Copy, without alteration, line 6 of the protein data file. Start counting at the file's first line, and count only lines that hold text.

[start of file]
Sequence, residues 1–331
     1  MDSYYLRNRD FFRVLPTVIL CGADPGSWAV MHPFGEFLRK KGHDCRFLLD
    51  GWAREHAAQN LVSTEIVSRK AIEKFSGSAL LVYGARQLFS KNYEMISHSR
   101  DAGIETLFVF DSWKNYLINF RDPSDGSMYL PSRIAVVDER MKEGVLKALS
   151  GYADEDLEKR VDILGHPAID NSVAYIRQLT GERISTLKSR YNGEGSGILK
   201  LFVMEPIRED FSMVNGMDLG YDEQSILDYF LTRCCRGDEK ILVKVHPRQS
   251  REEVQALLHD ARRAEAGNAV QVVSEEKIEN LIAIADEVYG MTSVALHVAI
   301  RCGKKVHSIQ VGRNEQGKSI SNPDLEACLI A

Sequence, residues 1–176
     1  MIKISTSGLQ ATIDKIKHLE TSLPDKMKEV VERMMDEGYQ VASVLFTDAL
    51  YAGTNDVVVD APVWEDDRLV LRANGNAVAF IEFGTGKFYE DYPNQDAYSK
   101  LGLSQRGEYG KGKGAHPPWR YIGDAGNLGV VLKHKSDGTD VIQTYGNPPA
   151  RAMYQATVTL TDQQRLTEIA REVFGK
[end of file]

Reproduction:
   201  LFVMEPIRED FSMVNGMDLG YDEQSILDYF LTRCCRGDEK ILVKVHPRQS